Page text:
AJ Hwangbo was a happy-go-lucky 6-year-old without a worry in the world until mid-November when he developed a life-threatening heart condition. While specialists at Seattle Children’s Hospital helped AJ heal physically, the young boy struggled to bounce back emotionally. But, AJ’s joyful spirit returned after hospital staff arranged for him to meet his hero – local artist Macklemore. Read full post »
Sutton Piper, age 3
Sutton Piper, 3, was born with a metabolic disorder that made his muscles too weak for crawling, walking and talking. After being referred to Dr. Sihoun Hahn, a biochemical geneticist at Seattle Children’s, Sutton is bouncing on his mini-trampoline and chatting up a storm.
Sutton Piper came into the world on his own terms: nine days late.
At 6 months, he’d made little attempt at rolling over; at 9 months, he showed no interest in sitting up on his own; and, by his first birthday, he wasn’t even trying to crawl. Read full post »
Elise Pele had been in labor for hours awaiting the arrival of her baby girl, Tatiana, on the evening of Aug. 29. Elise remembers wanting desperately to hear her baby cry – a sign that everything was ok. But that cry never came. She saw Tatiana for only a few seconds before nurses rushed her to the neonatal intensive care unit (NICU) at a local hospital.
“I instantly knew something wasn’t right and I was terrified,” Elise said. “The doctors told me my baby wasn’t breathing right and had to be transferred to Seattle Children’s.”
Tatiana experienced meconium aspiration syndrome where she inhaled a mixture of meconium (stool) and amniotic fluid during labor due to stress, which obstructed and irritated her airways, leading her down a path where doctors thought she would likely die. Read full post »
Researchers at Seattle Children’s are constantly asking questions and investigating new treatments with the goal of improving care for our patients. Two investigators from Seattle Children’s Research Institute recently came together to determine the best therapy for children suffering from infantile hemangiomas.
A breakthrough treatment
Before she took propranolol, hemangioma tumors covered Shakira Locke’s face and neck – and blocked her esophagus and airway. After being treated at age 2, Shakira now breathes and eats normally.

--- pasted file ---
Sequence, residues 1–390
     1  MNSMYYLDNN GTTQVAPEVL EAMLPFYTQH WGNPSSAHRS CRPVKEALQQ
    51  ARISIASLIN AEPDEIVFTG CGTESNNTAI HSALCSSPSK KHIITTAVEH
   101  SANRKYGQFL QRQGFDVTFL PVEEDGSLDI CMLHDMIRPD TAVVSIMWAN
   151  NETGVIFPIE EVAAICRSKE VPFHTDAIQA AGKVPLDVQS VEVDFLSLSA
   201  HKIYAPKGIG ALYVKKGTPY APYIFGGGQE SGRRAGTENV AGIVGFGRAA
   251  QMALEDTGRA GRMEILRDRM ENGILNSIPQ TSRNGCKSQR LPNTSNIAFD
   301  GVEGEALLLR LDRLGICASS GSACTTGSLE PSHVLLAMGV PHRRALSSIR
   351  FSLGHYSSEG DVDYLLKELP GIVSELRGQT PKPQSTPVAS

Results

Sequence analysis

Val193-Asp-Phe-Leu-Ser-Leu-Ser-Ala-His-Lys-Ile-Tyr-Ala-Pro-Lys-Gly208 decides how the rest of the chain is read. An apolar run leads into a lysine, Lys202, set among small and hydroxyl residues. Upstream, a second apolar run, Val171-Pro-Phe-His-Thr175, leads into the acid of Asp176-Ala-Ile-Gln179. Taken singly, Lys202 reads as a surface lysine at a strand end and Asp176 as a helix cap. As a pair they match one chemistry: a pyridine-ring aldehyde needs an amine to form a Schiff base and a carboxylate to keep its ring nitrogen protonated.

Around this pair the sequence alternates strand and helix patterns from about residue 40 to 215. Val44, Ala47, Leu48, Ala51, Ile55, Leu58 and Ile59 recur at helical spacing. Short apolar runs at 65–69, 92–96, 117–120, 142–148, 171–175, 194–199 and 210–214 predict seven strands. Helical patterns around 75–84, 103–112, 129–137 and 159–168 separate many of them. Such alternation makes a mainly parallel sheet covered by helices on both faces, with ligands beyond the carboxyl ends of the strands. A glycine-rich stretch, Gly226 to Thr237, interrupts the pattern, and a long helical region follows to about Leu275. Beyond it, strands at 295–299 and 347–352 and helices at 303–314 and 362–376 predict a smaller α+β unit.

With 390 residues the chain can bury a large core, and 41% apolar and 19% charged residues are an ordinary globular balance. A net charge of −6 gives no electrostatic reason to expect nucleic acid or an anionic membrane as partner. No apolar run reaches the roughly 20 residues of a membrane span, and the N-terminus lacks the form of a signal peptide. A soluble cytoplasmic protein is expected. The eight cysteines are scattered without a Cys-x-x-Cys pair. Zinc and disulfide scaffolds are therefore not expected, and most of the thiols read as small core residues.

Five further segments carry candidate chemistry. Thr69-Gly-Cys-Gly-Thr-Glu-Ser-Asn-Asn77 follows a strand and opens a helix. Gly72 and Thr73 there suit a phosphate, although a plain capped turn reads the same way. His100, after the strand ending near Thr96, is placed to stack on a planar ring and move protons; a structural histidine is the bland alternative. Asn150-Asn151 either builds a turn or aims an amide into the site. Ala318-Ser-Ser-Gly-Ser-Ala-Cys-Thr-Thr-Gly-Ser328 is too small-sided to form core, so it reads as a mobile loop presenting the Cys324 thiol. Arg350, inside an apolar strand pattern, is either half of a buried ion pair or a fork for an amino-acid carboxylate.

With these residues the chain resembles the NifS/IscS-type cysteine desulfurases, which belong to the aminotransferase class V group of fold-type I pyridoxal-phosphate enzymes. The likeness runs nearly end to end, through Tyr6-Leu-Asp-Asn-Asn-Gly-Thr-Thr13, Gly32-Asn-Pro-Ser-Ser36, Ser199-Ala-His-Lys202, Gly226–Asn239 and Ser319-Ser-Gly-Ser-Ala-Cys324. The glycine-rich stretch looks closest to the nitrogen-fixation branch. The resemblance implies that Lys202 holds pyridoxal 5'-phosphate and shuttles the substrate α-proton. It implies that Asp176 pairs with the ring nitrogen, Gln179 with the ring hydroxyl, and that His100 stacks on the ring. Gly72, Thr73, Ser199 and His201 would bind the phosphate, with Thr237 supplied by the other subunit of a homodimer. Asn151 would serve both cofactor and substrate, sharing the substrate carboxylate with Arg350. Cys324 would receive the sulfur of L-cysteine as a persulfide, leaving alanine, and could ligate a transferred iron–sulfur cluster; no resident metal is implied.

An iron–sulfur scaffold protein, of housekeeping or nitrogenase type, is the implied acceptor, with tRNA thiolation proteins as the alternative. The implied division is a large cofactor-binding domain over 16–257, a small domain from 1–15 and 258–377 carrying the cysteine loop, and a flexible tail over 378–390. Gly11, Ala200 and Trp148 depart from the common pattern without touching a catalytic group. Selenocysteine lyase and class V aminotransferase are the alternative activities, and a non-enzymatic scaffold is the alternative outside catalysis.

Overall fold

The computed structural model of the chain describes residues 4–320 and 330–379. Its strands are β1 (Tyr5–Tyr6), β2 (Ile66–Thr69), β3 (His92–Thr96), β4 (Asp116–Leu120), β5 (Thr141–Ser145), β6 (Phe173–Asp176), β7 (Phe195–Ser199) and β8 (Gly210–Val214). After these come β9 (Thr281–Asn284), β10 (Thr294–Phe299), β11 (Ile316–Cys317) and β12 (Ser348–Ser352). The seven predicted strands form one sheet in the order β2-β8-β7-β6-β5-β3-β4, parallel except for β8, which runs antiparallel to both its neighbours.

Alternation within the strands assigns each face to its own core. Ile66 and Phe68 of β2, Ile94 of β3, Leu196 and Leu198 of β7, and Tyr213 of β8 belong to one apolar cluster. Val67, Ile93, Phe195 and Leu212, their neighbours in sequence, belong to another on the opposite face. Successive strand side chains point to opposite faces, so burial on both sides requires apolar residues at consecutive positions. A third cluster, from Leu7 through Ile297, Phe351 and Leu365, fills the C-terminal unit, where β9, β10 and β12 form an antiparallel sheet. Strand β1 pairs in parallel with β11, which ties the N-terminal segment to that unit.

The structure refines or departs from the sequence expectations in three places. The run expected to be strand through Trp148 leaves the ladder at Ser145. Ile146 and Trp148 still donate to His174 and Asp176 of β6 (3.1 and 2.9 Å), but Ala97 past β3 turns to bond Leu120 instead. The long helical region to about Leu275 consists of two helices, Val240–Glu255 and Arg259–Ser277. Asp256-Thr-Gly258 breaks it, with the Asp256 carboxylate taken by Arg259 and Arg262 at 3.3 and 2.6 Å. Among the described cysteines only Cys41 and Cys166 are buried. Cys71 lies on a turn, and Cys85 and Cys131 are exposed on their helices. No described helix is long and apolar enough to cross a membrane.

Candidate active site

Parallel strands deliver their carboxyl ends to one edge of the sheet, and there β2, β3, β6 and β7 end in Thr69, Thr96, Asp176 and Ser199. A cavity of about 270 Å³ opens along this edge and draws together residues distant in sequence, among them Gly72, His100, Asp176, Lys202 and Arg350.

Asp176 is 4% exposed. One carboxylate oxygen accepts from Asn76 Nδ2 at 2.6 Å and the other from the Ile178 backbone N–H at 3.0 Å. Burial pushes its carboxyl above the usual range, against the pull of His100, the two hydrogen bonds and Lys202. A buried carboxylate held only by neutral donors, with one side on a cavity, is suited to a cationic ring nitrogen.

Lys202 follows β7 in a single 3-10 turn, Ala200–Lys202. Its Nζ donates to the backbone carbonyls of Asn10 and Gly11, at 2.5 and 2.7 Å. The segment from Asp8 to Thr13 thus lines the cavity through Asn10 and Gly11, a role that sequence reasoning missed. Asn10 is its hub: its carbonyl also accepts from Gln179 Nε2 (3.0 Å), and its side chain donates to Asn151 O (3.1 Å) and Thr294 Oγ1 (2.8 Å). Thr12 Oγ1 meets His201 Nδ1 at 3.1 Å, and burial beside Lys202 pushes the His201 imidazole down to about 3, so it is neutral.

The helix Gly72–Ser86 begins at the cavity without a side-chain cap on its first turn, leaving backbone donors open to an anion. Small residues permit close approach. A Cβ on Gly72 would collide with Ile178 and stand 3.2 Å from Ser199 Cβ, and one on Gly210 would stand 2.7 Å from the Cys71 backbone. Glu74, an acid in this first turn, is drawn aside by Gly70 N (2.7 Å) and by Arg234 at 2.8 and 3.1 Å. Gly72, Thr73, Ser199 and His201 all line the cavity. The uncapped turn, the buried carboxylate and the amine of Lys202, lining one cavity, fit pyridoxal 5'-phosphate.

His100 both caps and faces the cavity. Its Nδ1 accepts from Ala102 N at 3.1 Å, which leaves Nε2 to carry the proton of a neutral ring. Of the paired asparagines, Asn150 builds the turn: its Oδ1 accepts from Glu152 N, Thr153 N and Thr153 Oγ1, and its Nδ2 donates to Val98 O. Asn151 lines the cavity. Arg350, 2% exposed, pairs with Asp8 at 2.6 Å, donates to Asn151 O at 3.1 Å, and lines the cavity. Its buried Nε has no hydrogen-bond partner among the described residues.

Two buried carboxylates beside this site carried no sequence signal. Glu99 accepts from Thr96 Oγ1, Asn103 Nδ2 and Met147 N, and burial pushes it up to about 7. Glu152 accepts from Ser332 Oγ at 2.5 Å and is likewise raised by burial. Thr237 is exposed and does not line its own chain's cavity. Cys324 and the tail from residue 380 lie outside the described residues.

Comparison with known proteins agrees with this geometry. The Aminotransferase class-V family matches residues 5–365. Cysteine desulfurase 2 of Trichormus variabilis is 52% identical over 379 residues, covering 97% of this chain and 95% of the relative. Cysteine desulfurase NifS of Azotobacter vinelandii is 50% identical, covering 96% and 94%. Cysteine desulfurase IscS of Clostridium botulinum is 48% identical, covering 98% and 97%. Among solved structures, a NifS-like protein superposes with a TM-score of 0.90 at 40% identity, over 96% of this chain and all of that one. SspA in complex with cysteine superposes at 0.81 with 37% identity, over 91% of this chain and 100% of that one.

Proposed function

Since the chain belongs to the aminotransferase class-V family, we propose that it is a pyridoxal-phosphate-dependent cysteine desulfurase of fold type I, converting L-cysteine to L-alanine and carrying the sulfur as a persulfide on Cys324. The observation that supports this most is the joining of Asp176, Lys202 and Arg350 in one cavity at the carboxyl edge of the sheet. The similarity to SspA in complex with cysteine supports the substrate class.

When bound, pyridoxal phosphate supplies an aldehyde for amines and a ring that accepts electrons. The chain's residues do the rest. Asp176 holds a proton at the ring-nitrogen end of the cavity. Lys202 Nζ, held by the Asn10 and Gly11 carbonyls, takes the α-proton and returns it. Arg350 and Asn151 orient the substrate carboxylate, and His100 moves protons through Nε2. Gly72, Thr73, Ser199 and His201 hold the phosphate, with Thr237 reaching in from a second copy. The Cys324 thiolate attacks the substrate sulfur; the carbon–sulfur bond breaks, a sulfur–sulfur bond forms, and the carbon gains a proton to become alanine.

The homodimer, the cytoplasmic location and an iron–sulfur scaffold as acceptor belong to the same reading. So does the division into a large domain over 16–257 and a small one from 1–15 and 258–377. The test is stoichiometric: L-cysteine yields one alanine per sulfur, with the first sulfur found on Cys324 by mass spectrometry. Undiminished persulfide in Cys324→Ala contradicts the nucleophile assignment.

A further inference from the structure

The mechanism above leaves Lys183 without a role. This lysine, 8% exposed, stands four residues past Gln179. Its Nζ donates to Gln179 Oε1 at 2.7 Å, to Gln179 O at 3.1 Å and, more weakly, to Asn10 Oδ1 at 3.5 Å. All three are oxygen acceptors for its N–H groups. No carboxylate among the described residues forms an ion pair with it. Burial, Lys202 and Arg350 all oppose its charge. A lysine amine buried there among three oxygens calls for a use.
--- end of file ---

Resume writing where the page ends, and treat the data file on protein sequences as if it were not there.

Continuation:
Right after Lorene Locke gave birth to her daughter Shakira, she noticed what looked like a rash on the newborn’s face. Three weeks later, doctors found an abnormal clump of vessels, called an infantile hemangioma, growing out of control inside Shakira’s throat and on her neck, face and ear, blocking her airway and leaving her gasping for air.
While most hemangiomas go away on their own and don’t cause problems, children like Shakira need multiple surgeries and procedures to remove the growths. Dr. Jonathan Perkins, an otolaryngologist and an investigator at the Center for Clinical and Translational Research at Seattle Children’s Research Institute, has spent years studying hemangiomas in search of a less-invasive approach. When French researchers discovered that a blood pressure medicine called propranolol could shrink away hemangiomas, Perkins found the breakthrough he was waiting for. Read full post »
Researchers at Seattle Children’s are sharing their success thus far in treating leukemia using immunotherapy – a technology that uses the body’s own immune system to destroy cancer cells. While scientists are excited about progress of these clinical trials, no one is more grateful for this research than the families of the patients who have benefited from it.
A tiny girl, a tough decision
Greta Oberhofer with her parents Andy and Maggie and her sister Charlotte.
In March of this year, Andy and Maggie Oberhofer, of Portland, Ore., faced the most difficult dilemma of their lives. Their baby daughter, Greta, was dying. She had been diagnosed with acute lymphoblastic leukemia when she was just 3 months old and standard treatments were not working. Her family prepared for the worst.
“Greta had barely survived chemotherapy and a transplant,” Andy Oberhofer said. “We didn’t want her to suffer any more if she couldn’t be cured. We found ourselves considering end-of-life care for our 1-year-old daughter.”
But then, Greta’s family found hope. Greta qualified for a cancer immunotherapy trial at Seattle Children’s Hospital designed to treat leukemia patients who have relapsed after a transplant. This innovative technology reprograms the body’s T cells and reintroduces them into the immune system, where they hunt down and destroy cancer cells.
“Immunotherapy just made sense to us,” said Oberhofer. “We believed it could work.” Read full post »